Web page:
Rosetta Stone: Two Weeks In

After years of hearing ads and recommendations for Rosetta Stone I finally bought an online subscription to learn Dutch. Even though Jay speaks Dutch I have been struggling to learn more than a couple of phrases and the names of some food or animals. When I saw a deal for Rosetta Stone I thought ‘hey, maybe it’s time to try?!’ So here I am, two weeks into my online subscription and I am still unsure what to think. I am definitely learning more vocabulary and grammar, but the entire program is based on repetition so I’m not sure how comprehensive my knowledge will be once I’ve completed the lessons.


One of the best things about Rosetta Stone is the exposure it gives you. You’ll be given a sentence or a word with a picture and you need to determine what it means. Sometimes it’s something trivial like an apple, but sometimes the word is more complex than that. Rosetta Stone gives you the opportunity to discover the meaning of the word through the use of pictures and context clues in sentences. Best of all, the online subscription version of Rosetta Stone also gives you access to their app so you can practice on-the-go.

Another cool thing about Rosetta Stone is the pronunciation lessons. The Dutch language incorporates several harsh letter combinations and guttural sounds. For me, speaking is the most difficult aspect of learning Dutch. This feature allows me to have a little practice speaking and helps me break down the sounds in some of the more difficult words.

What’s cool about Rosetta Stone is that the incorporate games into learning as well. Once you reach a certain progress point you unlock games to help practice your listening, reading, and understanding of Dutch. I enjoy the BINGO game because it really helps your focus on listening and recognizing Dutch words in sentences that you haven’t heard before in any lessons.


Rosetta Stone is really repetitive. While this does help you understand a word in the initial stages of learning, it is limiting to the growth of your language skills. You may only learn one way to use the words. Maybe different grammar rules apply in different types of sentences. Or maybe you are so ingrained with this one sentence you simply can’t think of any others as an example of when to use the word. I like repetition to an extent, but I think some words are overused in the program.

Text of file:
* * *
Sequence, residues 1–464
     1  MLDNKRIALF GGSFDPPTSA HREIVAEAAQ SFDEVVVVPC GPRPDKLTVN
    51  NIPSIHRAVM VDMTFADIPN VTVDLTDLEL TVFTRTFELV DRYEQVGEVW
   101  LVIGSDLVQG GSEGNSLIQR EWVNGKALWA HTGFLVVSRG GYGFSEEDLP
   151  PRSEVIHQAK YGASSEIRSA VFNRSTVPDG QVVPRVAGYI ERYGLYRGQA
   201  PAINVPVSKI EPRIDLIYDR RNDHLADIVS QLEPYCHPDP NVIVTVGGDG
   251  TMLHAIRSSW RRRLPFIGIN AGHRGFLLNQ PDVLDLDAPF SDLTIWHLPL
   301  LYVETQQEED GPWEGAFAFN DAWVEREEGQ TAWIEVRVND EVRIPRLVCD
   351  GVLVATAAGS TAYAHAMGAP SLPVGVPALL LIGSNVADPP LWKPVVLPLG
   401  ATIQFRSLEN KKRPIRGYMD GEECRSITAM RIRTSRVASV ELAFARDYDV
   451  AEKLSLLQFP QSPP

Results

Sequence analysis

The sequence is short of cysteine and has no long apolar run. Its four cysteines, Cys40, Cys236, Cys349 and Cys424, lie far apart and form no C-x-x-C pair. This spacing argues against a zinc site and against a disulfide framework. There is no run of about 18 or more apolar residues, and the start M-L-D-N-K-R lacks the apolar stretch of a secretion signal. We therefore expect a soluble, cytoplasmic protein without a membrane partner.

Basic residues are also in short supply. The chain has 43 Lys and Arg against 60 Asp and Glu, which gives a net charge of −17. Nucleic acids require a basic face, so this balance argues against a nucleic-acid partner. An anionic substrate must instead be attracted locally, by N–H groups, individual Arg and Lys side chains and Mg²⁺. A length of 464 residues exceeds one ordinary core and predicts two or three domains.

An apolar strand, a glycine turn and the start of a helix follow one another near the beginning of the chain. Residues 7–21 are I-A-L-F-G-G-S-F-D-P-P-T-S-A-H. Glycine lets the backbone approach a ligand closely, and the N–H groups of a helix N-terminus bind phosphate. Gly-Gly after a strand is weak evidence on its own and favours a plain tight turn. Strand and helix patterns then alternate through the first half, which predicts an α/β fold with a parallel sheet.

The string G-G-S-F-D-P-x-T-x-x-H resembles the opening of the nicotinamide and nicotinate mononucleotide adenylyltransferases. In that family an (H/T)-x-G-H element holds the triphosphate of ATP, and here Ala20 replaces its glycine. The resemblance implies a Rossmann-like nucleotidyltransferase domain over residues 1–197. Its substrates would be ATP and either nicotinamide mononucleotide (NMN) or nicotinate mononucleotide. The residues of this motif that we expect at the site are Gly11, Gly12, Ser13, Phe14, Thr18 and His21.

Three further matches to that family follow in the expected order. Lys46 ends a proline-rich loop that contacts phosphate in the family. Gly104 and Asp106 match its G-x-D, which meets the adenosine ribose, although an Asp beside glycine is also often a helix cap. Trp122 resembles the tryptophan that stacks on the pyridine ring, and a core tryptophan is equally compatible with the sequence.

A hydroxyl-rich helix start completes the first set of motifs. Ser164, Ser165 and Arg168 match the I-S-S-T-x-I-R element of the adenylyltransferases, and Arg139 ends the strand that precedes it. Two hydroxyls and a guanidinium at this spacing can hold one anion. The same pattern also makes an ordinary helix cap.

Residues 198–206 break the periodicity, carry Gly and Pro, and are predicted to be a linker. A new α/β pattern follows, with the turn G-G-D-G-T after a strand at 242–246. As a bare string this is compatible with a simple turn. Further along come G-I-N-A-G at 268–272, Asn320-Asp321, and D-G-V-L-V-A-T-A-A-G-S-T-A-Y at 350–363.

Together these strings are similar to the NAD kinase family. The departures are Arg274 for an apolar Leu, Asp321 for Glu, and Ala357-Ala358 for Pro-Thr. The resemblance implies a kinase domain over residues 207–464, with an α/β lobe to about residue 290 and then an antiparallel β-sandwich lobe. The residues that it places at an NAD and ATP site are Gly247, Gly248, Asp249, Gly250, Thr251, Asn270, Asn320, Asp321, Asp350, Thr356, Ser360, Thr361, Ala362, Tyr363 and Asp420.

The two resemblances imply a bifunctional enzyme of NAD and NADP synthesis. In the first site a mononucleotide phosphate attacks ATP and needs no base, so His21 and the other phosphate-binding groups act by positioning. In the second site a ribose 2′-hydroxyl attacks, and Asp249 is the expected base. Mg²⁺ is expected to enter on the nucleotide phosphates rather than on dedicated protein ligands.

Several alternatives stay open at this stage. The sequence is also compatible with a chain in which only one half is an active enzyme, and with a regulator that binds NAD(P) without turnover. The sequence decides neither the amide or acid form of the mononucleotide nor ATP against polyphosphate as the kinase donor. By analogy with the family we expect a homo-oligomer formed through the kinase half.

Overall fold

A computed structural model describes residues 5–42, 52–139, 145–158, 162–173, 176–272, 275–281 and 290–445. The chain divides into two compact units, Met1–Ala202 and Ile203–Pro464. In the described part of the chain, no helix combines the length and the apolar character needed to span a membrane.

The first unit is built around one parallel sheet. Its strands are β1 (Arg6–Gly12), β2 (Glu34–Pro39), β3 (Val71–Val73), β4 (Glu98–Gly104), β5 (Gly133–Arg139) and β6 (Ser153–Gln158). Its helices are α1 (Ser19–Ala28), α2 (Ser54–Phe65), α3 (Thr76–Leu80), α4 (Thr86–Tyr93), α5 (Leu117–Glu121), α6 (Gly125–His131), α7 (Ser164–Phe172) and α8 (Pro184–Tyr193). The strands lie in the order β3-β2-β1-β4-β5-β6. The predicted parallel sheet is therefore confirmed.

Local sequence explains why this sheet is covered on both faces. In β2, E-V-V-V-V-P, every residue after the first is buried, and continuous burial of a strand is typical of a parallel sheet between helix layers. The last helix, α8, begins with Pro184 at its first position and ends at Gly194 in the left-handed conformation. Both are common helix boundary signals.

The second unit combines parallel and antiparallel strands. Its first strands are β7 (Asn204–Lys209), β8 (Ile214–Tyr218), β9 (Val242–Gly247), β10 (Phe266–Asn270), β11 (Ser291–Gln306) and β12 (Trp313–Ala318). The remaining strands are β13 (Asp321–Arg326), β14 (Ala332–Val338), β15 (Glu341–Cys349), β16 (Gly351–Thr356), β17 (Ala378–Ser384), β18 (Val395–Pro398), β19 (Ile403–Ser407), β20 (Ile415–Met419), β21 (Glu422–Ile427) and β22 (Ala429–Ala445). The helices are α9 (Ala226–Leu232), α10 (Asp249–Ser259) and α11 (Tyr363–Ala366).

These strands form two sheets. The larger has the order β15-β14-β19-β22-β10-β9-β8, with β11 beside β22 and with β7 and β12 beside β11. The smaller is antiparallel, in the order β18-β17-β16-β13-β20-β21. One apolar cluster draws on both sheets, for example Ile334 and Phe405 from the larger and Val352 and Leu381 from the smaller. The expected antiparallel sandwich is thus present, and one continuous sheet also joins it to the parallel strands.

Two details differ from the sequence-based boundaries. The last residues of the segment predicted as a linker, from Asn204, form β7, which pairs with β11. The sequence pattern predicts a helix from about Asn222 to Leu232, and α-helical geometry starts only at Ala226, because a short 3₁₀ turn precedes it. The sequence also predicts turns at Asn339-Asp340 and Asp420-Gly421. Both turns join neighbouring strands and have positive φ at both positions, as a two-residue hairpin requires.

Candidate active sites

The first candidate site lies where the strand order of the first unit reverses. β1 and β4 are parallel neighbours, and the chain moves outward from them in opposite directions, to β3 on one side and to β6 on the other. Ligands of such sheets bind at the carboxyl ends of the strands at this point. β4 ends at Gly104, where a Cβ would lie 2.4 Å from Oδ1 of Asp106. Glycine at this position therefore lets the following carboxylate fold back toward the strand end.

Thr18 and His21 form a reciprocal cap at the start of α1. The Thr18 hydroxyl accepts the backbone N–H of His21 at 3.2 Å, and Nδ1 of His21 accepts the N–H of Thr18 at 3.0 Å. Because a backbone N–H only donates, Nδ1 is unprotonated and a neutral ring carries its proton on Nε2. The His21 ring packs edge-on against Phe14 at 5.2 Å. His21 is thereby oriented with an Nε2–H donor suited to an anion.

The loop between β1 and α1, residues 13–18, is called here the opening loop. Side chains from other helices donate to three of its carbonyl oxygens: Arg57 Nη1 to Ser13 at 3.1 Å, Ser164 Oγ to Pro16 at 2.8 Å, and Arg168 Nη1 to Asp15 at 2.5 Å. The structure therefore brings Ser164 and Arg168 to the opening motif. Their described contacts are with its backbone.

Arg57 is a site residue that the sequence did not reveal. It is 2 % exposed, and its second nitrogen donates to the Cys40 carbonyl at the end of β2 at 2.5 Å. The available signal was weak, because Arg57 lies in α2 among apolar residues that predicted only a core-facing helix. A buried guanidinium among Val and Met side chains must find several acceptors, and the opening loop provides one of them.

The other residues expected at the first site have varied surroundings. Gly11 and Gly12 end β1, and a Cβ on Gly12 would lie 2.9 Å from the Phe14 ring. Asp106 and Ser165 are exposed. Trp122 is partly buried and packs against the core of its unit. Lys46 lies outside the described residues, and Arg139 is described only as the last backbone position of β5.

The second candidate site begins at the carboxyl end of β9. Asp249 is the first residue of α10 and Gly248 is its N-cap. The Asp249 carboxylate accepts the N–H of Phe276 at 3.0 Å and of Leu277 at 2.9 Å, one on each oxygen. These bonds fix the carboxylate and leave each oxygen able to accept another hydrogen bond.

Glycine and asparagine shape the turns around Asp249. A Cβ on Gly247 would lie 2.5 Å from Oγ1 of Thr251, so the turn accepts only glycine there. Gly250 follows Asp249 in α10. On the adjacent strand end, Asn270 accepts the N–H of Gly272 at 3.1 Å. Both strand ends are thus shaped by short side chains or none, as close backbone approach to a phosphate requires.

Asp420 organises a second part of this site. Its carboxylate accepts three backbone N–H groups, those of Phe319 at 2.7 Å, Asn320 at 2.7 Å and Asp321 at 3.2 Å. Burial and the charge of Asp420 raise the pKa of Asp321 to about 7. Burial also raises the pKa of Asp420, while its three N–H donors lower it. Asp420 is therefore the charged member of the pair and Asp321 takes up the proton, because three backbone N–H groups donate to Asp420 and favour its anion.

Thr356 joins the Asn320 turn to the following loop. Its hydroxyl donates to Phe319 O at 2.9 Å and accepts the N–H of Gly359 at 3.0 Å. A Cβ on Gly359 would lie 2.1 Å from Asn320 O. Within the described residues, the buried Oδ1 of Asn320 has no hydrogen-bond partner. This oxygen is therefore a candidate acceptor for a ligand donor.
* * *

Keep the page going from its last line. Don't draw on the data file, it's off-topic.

Another way they incorporate repetition is by often using the same picture to depict different sentences and words. This can be a little confusing because you aren’t always sure what to look for. I think associating the same picture with multiple expressions could hurt my learning in the long run. I may hear a word and remember a certain picture, but maybe I associate the meaning of the word with a different one that was also used for that picture.

Lastly, and this one might just be personal preference, you can’t play the games in the app. If you want to play a fun learning game you can only do it on an actual computer. While this isn’t necessarily an issue I do find it annoying if I want to do a quick learning game to kill time. I think the app is well made but it could be a lot better if they added a games feature and reorganized it a little bit.


It’s still too early to make an decisions about Rosetta Stone. I have learned more vocabulary and grammar in the two weeks that I’ve practiced with it, but I am unsure how comprehensive the program will be for Dutch. I’m eager to see where it takes me and hopeful that I will be at least better at understanding and speaking Dutch once I’ve completed the lessons!



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